Weeds don't care who you are, where you live or what your economic status is. They can turn anyone's manicured garden into an overgrown nightmare in a hurry. Gardeners can combat them with multiple mulching options — from organic mulches like shredded bark to inorganic choices like stone. When using stone to mulch your beds you'll need to lay a weed barrier underneath, which serves several important functions other than preventing unwanted growth.
Function of Weed Barriers
Although mulch serves many functions in the garden — from helping the soil retain moisture to assisting in the prevention of weeds — it won't prevent the growth that can eventually take root on top. Regardless of whether you're using organic mulches or inorganic options, weed seeds can, over time, blow into the garden, land in the mulch and grow into problematic weeds.
You can help prevent weed growth by installing weed barrier cloth before you lay down the mulch. Weed barrier cloth prevents unwanted growth from the soil, but it won't prevent weeds from taking root in the mulch itself. Before installing weed barrier cloth it's important to first remove unwanted growth from the area to be covered by the barrier cloth. You can do this by pulling out the growth by hand or spraying it with an herbicide. If using an herbicide, follow all directions on the product label and give the sprayed weeds about a week to die before installing the weed barrier cloth.
Plastic Sheeting vs. Weed Cloth
When using stone mulch, it's important to install a barrier between the soil and the stones. The barrier serves two important functions. Not only will it help reduce weed growth sprouting from the soil, but it also keeps the stones in place and prevents them from sinking into the soil. Without installing a barrier beneath the stones, you'll find you're constantly having to replenish the area with new stone, which can become labor-intensive and expensive.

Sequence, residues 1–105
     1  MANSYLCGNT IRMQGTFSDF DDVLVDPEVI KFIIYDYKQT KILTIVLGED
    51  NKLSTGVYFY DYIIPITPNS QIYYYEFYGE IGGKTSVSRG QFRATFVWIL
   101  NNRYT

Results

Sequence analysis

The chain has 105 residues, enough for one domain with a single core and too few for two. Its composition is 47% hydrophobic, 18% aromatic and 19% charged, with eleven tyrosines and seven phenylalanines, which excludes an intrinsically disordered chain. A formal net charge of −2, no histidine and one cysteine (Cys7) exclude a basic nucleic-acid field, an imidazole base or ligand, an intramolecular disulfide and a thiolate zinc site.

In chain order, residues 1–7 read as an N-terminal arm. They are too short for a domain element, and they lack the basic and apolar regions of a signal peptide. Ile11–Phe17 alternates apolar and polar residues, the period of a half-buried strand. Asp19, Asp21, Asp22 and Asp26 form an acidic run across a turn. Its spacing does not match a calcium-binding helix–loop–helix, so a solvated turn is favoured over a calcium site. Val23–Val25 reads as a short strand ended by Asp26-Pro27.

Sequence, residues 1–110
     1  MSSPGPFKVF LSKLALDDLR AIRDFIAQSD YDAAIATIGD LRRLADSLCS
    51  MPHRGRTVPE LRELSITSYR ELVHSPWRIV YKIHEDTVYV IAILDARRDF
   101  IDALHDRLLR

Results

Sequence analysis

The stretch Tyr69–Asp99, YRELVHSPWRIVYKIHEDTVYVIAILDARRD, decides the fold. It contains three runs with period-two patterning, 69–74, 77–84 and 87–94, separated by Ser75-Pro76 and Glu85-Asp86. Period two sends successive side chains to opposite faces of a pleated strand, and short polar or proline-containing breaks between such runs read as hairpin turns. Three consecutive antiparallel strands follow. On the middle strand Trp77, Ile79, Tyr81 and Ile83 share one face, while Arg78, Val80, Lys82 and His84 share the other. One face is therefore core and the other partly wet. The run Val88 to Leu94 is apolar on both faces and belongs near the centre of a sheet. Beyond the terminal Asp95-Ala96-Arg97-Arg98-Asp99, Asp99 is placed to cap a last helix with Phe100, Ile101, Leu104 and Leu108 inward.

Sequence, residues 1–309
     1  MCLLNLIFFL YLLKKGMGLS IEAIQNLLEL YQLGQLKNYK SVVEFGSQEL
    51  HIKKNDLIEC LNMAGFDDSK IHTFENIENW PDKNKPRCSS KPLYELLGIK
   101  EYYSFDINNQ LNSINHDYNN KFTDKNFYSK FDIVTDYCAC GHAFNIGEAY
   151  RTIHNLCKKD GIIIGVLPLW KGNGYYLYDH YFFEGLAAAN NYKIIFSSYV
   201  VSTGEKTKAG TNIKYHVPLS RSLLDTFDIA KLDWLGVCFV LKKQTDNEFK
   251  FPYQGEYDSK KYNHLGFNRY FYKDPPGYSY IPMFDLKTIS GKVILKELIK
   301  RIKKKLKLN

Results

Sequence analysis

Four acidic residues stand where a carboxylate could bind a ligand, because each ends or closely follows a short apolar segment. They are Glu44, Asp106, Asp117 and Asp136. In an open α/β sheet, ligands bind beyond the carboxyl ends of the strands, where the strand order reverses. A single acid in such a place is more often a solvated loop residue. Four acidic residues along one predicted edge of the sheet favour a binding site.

Using a solid piece of plastic may seem like a great idea, since it effectively kills unwanted vegetation when spread over an area, but it's not good for use in a garden bed. Plastic doesn't allow moisture or air to penetrate through it, which leads to an unhealthy garden since plant roots don't receive the oxygen or water they require for healthy growth.
On the other hand, weed barrier cloth is manufactured to be permeable, allowing water and air to move through it to the root system. It also prevents the stones from sinking into the ground.
Installing Weed Barrier Under Stone
Although you can install weed barrier cloth in an already thriving bed, using it on a fresh, unplanted area is a better approach since you don't have to cut around plants. First, measure the area's length and width so you'll know how much weed cloth to purchase. Then cut the weed cloth to fit the garden bed, being sure to overlap any edges by several inches. If plants are already growing in the area, cut an "x" where the weed cloth will fit over the plant and lay it in place. Be sure to use weed barrier pins to hold the cloth in place against the soil and to keep it from shifting.
After you've installed the weed barrier cloth, you can spread the stones over the area. Use several inches of stone and spread it evenly. To keep the area weed-free, be sure to remove any unwanted growth sprouting on top of the stones as soon as you notice it and before it grows into an unruly mess.
Joyce Starr has been a professional writer and editor for over 15 years, specializing in the topics of horticulture and home improvement. For 20 years, she’s owned a garden center and landscaping/consulting business and holds numerous horticulture certificates. She’s covered numerous DIY home topics and has hundreds of articles published on gardening topics. Her work appears in SpaceCoast Living magazine, Atlanta Constitution Journal, SFGate Home Guides, 1-800-Flowers and many more.